Martina McBride Interviewed On Today’s Country Music: “I Don’t Listen To It”
Martina McBride / Facebook
Martina McBride recently made an appearance on the podcast Shady Ladies of Music City, hosted by music execs Susan Nadler and Evelyn Shriver to discuss the lack of airplay of women in country music.
McBride pointed out that after her first breakthrough hit with “My Baby Loves Me,” 28 years ago, it seems some things still haven’t changed for female country artists.
When asked her opinion of why the country music landscape is the way it is, McBride points to radio stations not playing what they want anymore but rather whatever they’re assigned.
“There’s some sort of weird thing that’s happened. I don’t know how or why or when, but somewhere along the line…think about how radio stations have been consolidated,” she said. “People used to be able to decide…you had a program director and a music director, and they decided what they played on their radio station which is another reason why we had to work so hard, because they had a lot of influence. So you went to the lunches and you did the free shows, and the liners and you did all the stuff that curried favor because they could decide what they played. Now, it’s so consolidated that everybody gets the same playlist, pretty much. There’s no individuality, so it’s like what’s going to work? They are kind of judging what they think people want to hear, and it’s so skewed to me.”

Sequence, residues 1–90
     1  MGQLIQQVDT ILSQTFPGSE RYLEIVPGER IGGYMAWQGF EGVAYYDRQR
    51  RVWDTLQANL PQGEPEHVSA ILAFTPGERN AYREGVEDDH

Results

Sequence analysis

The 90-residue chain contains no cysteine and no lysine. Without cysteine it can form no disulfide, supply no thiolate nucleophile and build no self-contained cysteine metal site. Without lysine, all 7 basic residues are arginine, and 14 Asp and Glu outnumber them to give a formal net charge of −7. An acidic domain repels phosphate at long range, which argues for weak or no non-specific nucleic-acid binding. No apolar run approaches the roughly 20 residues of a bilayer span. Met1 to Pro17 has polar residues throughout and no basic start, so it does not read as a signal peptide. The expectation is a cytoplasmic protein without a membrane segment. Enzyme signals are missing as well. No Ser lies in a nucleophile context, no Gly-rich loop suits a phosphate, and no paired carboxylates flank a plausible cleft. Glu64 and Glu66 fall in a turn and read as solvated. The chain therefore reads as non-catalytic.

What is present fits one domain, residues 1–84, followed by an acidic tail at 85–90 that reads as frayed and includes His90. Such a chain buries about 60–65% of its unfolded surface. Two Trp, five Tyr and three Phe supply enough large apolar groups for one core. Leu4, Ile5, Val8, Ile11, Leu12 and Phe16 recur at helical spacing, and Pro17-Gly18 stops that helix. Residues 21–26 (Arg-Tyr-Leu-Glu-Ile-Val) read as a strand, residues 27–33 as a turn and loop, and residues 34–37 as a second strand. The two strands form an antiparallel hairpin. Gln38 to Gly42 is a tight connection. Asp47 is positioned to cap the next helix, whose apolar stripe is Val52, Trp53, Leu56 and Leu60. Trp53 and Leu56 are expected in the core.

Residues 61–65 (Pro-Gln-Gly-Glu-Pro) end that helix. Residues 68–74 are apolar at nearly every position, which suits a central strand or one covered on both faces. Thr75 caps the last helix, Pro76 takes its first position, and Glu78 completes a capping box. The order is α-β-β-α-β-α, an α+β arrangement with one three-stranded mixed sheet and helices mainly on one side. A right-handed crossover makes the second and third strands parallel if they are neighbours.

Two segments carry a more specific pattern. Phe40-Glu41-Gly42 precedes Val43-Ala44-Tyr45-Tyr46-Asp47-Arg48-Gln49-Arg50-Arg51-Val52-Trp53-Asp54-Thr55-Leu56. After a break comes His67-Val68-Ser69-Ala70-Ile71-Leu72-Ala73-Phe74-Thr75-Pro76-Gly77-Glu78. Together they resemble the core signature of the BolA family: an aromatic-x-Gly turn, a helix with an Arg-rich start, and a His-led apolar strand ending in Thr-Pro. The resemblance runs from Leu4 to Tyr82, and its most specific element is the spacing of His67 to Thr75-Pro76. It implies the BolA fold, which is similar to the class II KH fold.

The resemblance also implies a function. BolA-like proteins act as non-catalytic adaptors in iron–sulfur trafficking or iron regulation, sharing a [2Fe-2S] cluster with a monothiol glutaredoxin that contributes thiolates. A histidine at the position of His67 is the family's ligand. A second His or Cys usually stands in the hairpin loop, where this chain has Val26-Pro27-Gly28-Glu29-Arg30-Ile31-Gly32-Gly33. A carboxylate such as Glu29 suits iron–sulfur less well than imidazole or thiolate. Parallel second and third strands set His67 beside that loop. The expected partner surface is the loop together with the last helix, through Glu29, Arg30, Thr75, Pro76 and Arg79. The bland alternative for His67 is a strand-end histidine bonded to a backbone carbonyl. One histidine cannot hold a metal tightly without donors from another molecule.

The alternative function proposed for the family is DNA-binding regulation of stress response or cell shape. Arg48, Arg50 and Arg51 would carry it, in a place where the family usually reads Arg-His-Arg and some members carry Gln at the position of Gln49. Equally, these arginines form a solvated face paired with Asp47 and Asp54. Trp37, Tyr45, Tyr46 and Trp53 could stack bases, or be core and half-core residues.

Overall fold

With this new shift in how radio stations decide what to play, McBride pointed out that the majority of what’s on the radio doesn’t relate to her life or experiences the way that radio music used to.
“As a country music fan, it’s not what I want to hear. What I want to hear is a song about my life,” she continued. “I want to hear a song that I can relate to. Without a lot of women’s point of view on radio, it’s not there for me anymore. No offense to the guy artists, I’m just saying I can’t find what I need there, so I don’t listen to it, to be honest.”
She continued by adding the fact that there are many classic hits by male artists that wouldn’t play on the radio today simply because of the “bro country” music that has taken over the industry.
“They wouldn’t play ‘He Stopped Loving Her Today’ either, so maybe it’s just about content, really…When I was making music like ‘Independence Day,’ ‘Blessed,’ all those songs, they kind of could fit side by side sonically and thematically in the landscape of radio with men. You had me, and Garth Brooks, or you had Rascal Flatts—it was like the music co-existed in such a nice way, it was easier for us females to fit into the soundscape. Now, it’s like who’s going to record a song as a female that fits in between all of this ‘bro country’ and doesn’t make you go, ‘What’s happening?’ and doesn’t interrupt the flow?”
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For the rest of the segment, McBride went on to talk about balancing her music, family, and even her recipes.
Listen to the full episode below to hear more!